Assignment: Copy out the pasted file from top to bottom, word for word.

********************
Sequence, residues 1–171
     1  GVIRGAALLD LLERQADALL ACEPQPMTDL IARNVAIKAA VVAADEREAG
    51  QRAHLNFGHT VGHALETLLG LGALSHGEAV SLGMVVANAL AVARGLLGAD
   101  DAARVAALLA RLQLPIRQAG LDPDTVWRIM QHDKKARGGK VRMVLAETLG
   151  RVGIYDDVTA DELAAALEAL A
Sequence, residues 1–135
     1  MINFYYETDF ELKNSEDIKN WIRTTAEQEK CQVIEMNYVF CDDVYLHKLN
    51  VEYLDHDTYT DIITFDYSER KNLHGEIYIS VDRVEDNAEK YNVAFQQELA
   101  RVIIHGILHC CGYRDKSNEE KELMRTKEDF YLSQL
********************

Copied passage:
Sequence, residues 1–171
     1  GVIRGAALLD LLERQADALL ACEPQPMTDL IARNVAIKAA VVAADEREAG
    51  QRAHLNFGHT VGHALETLLG LGALSHGEAV SLGMVVANAL AVARGLLGAD
   101  DAARVAALLA RLQLPIRQAG LDPDTVWRIM QHDKKARGGK VRMVLAETLG
   151  RVGIYDDVTA DELAAALEAL A
Sequence, residues 1–135
     1  MINFYYETDF ELKNSEDIKN WIRTTAEQEK CQVIEMNYVF CDDVYLHKLN
    51  VEYLDHDTYT DIITFDYSER KNLHGEIYIS VDRVEDNAEK YNVAFQQELA
   101  RVIIHGILHC CGYRDKSNEE KELMRTKEDF YLSQL